It was the summer of 2017 and I had just moved overseas, fresh-faced and excited to be trying my hand in the rush and the hubbub of London. I was eager for my new role in PR after moving across half the world, that kind of giddy excitement that can only come from starting over. Like Lady Gaga, I felt like I had completely reinvented myself – this was going to be the new me. Not long after arriving, one of my first jobs was working with a big Fortune 500 company, aiming to build their brand awareness further and help shape their image. I was tasked in my first week with writing up a new story and getting coverage, but when I asked them what their goal was, I was met with silence and blank stares before a “just get us coverage”.
It wasn’t long before I realised there was no strategy in place, choosing to forego it and any kind of reporting in the interest of quick wins. Their tactics it seemed was to create as many pieces of “interest” as possible and throw it out into the universe, hoping one sticks or becomes viral. There was no rhyme or reason, so when they said jump, we did just that.
I was shocked that such a huge and reputable business wouldn’t even give a second thought to a clear structure, to help them drive forward success (and measure that success). They barely gave any thought at changing the status quo, whether internally or externally. Instead, they wanted to just get by, not change their ways. Their reluctance it seemed was holding them back.
In fact, over my career, I have seen this be a recurring issue for companies both big and small – favouring quick wins and standard activities over clear, measurable goals. Without a strategy in place, clearly defined goals and KPIs to measure those goals and define what success is, you’re just shooting in the dark.
The challenges of quick wins over strategy
Over my years working in PR & Communications, I have come across three challenges that often keep coming up:
- Expectations over outcomes: When two businesses work together, there are often expectations going into it. If it’s not spoken aloud, or even thought through clearly, then success is insubstantial and undefined. I might be thinking we’re hitting a home run, but you see us as still standing idly on first base. This comes down to defining what success looks like to you.
- Lack of clarity on KPIs: A goal is what you want to achieve, KPIs define how you know when you’ve achieved it or on your way towards it. Without a defined goal, you can’t define your KPIs and you’re stuck without a strategy. To continue with my sports analogies, the goal posts currently don’t exist.
- Changing goals: Again, this comes down to expectations and a lack of clarity on your strategy and KPIs. This can also come about when you need to pivot your business. If there’s anything last year taught us, is that we always need to be on our toes.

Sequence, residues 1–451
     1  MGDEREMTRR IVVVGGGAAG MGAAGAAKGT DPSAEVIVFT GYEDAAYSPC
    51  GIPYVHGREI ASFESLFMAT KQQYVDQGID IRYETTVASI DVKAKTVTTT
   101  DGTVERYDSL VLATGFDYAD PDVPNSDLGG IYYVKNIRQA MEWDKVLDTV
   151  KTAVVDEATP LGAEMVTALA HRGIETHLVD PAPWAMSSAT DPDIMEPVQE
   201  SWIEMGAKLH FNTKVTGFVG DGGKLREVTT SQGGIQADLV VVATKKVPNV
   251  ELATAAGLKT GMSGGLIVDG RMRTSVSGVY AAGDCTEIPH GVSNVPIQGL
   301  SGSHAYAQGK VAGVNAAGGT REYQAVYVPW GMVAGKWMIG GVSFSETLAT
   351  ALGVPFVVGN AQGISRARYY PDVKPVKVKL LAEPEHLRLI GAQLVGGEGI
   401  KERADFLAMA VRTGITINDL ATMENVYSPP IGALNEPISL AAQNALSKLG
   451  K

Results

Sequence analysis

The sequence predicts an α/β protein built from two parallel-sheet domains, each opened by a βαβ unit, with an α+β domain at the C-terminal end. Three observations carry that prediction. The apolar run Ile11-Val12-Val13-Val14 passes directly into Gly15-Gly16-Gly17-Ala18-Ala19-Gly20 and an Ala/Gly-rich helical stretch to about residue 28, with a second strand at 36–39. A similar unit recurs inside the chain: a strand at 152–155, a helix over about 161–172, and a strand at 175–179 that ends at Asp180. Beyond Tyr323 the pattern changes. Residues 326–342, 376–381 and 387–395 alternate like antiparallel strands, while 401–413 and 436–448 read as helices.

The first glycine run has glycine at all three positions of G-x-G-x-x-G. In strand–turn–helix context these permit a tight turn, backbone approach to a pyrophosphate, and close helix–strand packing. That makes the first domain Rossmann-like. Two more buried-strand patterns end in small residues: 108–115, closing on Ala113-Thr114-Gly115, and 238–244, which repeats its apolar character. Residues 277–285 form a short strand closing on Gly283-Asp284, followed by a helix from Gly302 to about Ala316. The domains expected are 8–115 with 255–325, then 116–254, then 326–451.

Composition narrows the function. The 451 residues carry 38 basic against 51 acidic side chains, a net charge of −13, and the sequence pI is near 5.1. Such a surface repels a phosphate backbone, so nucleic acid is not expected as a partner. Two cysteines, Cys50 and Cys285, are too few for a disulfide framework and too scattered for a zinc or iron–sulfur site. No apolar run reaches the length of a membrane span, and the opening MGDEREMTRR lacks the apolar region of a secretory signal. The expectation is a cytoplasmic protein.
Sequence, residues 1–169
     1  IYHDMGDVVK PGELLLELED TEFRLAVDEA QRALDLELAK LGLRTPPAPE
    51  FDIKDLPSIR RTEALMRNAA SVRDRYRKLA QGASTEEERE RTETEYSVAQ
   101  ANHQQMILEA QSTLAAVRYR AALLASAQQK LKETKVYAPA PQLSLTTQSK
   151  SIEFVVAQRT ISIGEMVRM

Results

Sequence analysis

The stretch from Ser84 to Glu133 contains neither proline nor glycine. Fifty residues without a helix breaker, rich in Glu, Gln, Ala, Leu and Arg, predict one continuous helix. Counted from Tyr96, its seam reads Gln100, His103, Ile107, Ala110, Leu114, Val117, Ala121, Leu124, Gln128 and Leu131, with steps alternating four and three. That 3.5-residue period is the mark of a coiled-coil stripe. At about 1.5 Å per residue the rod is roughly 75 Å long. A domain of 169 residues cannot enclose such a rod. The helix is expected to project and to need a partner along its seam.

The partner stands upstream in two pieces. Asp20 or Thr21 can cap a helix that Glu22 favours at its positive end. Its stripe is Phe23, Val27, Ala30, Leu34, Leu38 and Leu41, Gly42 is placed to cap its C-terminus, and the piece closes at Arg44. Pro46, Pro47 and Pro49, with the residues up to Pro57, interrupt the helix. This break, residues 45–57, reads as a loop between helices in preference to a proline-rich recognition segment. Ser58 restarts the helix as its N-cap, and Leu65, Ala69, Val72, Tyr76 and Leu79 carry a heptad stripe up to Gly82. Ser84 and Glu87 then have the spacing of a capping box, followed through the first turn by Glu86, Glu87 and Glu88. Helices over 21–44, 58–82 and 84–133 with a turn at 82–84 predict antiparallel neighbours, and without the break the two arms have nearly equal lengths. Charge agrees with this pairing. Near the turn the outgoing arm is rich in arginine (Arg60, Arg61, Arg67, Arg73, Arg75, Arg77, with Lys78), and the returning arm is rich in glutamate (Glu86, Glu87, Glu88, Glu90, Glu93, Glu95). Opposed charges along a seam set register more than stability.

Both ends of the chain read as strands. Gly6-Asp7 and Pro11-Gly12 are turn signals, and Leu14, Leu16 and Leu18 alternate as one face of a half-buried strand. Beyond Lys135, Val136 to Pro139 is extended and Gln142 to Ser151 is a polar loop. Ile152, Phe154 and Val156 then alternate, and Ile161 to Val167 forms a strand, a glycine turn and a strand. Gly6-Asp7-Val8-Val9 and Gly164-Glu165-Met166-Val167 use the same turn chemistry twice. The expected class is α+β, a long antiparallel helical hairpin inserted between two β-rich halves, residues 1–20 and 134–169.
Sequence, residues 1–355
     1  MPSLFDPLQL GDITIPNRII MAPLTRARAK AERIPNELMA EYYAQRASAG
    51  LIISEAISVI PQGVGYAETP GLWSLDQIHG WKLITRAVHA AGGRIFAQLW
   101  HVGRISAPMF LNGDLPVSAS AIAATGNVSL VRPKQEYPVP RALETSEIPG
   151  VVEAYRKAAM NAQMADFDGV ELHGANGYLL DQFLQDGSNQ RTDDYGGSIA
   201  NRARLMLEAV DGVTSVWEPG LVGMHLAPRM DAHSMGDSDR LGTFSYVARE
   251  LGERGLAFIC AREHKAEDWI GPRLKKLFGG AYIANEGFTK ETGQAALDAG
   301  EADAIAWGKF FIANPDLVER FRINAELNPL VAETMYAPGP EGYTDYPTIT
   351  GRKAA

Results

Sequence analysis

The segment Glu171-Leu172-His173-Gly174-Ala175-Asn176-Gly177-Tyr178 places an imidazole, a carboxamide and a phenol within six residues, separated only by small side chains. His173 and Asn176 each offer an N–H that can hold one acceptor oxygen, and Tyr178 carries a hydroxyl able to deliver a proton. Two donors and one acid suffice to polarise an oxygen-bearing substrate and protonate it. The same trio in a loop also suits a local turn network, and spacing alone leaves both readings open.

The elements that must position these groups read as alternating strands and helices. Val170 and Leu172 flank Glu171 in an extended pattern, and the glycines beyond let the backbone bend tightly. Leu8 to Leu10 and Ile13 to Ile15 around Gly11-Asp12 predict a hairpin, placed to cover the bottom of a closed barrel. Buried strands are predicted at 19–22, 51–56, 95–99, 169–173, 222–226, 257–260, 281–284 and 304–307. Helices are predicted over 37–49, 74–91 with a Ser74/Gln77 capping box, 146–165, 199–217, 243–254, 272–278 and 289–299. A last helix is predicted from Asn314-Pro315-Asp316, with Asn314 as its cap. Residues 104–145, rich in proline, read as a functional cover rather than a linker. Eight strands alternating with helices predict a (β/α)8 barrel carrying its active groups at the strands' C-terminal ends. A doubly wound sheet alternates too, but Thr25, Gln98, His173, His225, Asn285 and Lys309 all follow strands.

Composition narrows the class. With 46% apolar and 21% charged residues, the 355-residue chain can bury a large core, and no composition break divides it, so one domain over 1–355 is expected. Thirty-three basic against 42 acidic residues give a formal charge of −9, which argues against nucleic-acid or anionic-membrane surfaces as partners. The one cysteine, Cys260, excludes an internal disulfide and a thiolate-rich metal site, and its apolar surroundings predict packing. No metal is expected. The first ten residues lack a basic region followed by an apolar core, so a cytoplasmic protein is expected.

“People with goals succeed because they know where they’re going."
Complacency vs reinvention
Last year was about surviving, this year is about thriving and without revamping and refreshing our approach, we get left behind, failing to adapt to the new era. Back on my time with the Fortune 500 company in London. There would be many conversations held. Frustrations grew as we would deliver brilliant content, but it wasn’t enough. Why weren’t we achieving what they wanted? We asked what they wanted but the answer was never the same. It was when we sat them down and talked strategy, really pinning down what their goals were that we started to make some progress. From there, we developed KPIs and created a clear path for them.
We looked at ways we could reinvent the processes they had in place to ensure not only would we meet these goals, but we would do so more efficiently and with meaningful impact. In fact, once we broke this down into themes, and looked at different ways of reaching out to their stakeholders, we opened up new relationships and possibilities for them. Our work with them was changed, and all the better for it.
Once our KPIs were defined, both parties clearly understood exactly where we were and what we expected going into each campaign and activity. Tensions were lowered and expectations were equal.
It seems obvious, but when you’re running a business, you often just want the solution without carving out the pathway to it. I’ve quickly learnt this process is a collaboration, that each goal should mean something, and each KPI should be fully understood by everyone. If we took a step back for just a moment and thought this through, the possibilities of growth expand exponentially.
If you would like to revamp your strategy and find out the best ways to reach your communication and marketing goals, get in touch with us today at email@example.com or 07 3180 3666.